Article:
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"Mitty" lacks courage, "Wolf" is an operatic, nasty satire
Ben Stiller’s “The Secret Life of Walter Mitty,” adapted from a two-page 1939 short story from James Thurber about an ordinary guy who has fantastic daydreams, starts out lighthearted and wistful before devolving into hollow travelogues that lack the sense of adventure found in his fantasy life. The movie then becomes a weary, self-serious message film about—of all things—earning your beard.
Mitty (Stiller) has worked at “Life” magazine in the negative assets photo department for 16 years. As the magazine begins to undergo its inevitable downsizing to an online publication only (which happened for real in 2007), he becomes responsible for the last cover photo of its print edition. The new hotshot thirtysomething bosses who are doing all the firing (Adam Scott chief among them) have ridiculous beards. They’re jerks. They look like teenagers wearing Halloween costumes, and the beards reinforce their lack of experience and moral authority, despite their position of power.
As Stiller digs into a very forced mystery about the missing cover photo, he develops a natural rapport with Cheryl (Kristen Wiig), the co-worker he tried to friend on eHarmony.com. Moments in his real life become jumping off points for his fantasies, and he musters the courage he lacks to quell his enemies: In one scene he surfs the pavement in Manhattan in an effort to defeat his bearded boss.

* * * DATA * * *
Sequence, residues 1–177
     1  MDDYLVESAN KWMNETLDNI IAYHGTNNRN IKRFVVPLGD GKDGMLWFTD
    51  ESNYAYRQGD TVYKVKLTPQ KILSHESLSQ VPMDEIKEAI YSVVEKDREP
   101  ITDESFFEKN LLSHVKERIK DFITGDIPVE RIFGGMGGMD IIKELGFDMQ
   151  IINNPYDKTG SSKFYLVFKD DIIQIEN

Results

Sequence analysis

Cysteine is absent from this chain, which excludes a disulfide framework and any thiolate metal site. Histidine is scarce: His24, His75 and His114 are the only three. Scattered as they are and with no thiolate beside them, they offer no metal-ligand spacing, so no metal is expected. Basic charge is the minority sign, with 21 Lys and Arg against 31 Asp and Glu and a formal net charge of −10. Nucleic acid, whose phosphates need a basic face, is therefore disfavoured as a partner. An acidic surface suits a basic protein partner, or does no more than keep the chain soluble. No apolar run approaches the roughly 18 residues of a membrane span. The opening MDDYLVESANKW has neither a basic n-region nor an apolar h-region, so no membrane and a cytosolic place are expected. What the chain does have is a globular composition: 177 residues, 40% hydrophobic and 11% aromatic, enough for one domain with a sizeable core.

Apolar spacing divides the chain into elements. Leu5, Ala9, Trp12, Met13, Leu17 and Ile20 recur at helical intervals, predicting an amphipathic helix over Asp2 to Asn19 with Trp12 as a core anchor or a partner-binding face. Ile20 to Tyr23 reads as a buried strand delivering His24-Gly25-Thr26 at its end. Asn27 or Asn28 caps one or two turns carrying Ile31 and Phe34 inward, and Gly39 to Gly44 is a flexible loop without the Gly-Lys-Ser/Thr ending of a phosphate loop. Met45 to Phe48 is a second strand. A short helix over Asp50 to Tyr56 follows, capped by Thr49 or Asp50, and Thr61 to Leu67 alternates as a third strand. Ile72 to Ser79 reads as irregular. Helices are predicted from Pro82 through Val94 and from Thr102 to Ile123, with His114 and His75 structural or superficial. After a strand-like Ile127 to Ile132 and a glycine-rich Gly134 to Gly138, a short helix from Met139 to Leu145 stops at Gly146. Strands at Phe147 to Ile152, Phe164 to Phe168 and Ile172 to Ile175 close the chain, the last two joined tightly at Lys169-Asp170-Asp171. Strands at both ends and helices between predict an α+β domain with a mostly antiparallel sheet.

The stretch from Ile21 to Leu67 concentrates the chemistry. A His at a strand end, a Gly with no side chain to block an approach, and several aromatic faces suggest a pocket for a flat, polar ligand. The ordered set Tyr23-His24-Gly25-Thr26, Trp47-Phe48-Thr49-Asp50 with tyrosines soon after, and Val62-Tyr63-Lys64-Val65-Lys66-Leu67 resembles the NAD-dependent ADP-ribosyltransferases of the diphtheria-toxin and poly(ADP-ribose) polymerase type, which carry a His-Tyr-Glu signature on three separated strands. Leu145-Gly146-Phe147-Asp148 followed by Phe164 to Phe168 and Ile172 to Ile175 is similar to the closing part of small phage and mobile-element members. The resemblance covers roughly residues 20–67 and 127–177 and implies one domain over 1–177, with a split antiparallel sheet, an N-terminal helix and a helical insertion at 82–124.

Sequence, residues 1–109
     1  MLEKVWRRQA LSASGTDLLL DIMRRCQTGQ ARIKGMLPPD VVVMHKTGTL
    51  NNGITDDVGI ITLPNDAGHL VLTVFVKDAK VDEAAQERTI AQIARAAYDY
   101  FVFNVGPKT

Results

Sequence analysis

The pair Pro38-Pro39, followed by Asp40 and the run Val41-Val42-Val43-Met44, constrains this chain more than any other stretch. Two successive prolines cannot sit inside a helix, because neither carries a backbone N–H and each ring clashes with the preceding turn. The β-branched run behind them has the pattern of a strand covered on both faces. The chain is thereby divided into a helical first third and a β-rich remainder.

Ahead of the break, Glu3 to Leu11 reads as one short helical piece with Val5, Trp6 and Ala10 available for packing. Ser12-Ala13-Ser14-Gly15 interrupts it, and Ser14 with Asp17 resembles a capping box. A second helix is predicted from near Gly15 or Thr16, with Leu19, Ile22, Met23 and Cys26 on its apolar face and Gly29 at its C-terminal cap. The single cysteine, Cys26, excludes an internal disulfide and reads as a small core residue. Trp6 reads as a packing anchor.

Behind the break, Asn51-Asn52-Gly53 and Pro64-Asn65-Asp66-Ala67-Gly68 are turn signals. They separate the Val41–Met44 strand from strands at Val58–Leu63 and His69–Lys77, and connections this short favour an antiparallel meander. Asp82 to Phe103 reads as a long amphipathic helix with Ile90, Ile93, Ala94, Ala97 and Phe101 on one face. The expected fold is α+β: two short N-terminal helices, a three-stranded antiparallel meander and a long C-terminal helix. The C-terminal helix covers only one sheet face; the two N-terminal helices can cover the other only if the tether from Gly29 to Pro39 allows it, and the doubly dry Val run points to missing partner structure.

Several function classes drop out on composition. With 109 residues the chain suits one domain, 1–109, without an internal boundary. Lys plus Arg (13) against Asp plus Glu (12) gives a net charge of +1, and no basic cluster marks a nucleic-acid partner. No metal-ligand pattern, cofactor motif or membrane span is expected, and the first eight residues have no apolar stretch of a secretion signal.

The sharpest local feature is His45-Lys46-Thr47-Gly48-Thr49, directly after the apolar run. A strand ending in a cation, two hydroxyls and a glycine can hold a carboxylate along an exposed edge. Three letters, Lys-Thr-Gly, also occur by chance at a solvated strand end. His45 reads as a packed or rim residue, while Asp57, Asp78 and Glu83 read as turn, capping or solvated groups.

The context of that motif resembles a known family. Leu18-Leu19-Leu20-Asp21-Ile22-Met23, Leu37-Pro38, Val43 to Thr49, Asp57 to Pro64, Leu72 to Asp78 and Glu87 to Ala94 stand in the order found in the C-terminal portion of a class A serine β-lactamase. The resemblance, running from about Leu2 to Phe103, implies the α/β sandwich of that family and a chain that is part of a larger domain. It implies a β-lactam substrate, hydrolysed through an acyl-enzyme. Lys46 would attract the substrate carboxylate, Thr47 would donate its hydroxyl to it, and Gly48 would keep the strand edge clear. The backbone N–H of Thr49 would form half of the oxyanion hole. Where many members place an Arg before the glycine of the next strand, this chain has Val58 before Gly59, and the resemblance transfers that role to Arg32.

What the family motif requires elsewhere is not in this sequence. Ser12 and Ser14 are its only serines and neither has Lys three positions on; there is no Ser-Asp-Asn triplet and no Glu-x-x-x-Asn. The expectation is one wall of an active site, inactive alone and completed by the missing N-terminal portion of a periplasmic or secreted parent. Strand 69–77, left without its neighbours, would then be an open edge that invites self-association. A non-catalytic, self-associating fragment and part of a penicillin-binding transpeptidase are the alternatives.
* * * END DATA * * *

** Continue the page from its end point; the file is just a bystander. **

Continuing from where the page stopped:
But as soon as Walter leaves New York to go on his “real” adventure, the movie becomes series of easy-cheat montages that lack the conviction of the movie’s message. The helicopter landscape shots of Greenland and Afghanistan are aesthetically pleasing in the same way a tourism board commercial might be, but Mitty’s escapades get increasingly less specific and interesting.
Of course we all know where this is heading—into a Papa John’s commercial.
Wha? Believe it or not, “The Secret Life of Walter Mitty” actually does sport some of the most blatant product placement of the year, but guess what Walter grows on his overseas adventure? A beard—and not a fake-looking, obnoxious young-guy beard, but some lightly trimmed stubble that looks oh so handsome on his newly experienced face.
This is just an example of the way “The Secret Life of Walter Mitty” cheats its audience. It fast-forwards past a ton of struggle and conflict to get its character to a heroic place, and after the CGI-heavy daydream scenes, the real-life scenes just lose their luster.
If there’s one thing “The Wolf of Wall Street” doesn’t lack, its courage. There isn’t a movie in recent memory that I’ve seen (“Fear and Loathing in Las Vegas” included) with this much nonstop debauchery from its awful, awful main characters.
Director Martin Scorsese uses all of his formidable cinematic prowess to create the most unlikely and outrageous comedy of the year—a three-hour operatic orgy that indicts the modern version of the American dream more savagely than ever.